To produce high-quality software, we need high-quality, effective managers. Becoming such a manager is the subject of this third stand-alone volume in Gerald Weinberg's highly acclaimed series.
To be effective, managers must act congruently. That is, managers must not only understand the concepts of good software engineering, but also practice them, which sounds easier than it is in practice. Standing in the way is a lot of emotional baggage that we all carry, the author asserts, and congruence is the way to cope with our emotional baggage.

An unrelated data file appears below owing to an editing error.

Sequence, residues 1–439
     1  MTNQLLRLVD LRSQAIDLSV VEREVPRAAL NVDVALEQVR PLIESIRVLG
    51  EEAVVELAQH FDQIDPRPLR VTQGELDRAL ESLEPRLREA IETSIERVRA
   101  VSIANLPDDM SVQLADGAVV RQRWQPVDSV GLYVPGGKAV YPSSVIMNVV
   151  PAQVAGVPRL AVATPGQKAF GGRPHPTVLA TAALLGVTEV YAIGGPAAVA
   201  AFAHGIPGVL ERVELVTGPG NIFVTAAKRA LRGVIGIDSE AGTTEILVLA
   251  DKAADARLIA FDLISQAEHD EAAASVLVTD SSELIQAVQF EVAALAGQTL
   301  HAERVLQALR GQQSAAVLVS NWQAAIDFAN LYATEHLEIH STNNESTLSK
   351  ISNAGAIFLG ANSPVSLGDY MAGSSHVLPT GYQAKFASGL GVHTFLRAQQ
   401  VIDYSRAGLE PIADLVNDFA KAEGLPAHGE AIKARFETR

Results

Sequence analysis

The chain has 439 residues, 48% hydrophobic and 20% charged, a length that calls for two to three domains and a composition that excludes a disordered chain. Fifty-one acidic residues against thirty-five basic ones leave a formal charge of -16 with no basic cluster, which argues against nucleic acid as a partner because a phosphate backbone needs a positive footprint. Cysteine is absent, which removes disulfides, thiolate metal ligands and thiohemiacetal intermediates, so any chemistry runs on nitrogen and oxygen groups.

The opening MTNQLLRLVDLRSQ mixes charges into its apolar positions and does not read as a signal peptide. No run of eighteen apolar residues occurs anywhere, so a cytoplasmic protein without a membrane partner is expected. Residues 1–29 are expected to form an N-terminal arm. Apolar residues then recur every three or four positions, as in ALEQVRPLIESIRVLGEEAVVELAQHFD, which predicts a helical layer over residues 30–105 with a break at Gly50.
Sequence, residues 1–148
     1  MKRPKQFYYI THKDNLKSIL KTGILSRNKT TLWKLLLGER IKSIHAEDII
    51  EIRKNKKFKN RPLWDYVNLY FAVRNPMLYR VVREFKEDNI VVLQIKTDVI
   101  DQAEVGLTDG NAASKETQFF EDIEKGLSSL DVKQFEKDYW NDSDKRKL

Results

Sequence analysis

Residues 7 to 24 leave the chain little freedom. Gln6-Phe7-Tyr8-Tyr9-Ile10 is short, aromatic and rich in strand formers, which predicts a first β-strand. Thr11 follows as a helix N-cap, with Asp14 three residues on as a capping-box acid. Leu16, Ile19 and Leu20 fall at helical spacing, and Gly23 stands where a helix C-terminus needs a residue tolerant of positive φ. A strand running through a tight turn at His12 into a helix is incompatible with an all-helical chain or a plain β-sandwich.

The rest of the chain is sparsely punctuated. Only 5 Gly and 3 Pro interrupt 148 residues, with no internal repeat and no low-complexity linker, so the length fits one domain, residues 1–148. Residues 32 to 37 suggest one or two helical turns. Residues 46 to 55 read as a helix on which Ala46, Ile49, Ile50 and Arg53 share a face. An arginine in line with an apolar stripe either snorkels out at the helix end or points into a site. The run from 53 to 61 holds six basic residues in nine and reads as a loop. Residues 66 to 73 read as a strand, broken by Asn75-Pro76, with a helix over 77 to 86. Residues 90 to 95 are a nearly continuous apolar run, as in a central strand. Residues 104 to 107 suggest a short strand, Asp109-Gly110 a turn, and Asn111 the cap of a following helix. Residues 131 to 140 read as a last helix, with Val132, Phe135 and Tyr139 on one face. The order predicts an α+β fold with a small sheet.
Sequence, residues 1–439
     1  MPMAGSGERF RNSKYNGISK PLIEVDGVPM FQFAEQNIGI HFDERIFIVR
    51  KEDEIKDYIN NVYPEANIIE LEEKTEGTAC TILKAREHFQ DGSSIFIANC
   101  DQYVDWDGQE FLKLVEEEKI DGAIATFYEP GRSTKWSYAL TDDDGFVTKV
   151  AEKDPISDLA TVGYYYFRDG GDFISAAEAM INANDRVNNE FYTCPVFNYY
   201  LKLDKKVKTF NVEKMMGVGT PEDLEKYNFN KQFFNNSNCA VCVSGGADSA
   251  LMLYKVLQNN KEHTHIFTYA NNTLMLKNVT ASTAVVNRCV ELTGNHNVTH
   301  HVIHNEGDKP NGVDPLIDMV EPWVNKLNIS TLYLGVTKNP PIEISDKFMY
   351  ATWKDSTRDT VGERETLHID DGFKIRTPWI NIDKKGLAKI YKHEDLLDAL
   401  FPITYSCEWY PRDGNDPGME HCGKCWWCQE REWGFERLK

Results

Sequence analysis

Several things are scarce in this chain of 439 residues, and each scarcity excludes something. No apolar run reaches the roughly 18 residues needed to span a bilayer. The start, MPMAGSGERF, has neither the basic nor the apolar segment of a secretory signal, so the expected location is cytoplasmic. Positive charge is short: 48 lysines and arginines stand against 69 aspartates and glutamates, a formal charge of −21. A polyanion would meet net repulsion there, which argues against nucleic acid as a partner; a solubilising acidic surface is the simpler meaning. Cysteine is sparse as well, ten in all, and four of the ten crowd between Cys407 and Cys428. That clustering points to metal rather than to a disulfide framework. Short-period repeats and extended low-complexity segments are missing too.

Congruence has the sense of "fitting" -- in this case simultaneously fitting your own needs, the needs of the other people involved, and the contextual needs (in business, for example, the business needs). Examples, diagrams, and tools such as the Myers-Briggs indicator fortify the author's recommendations.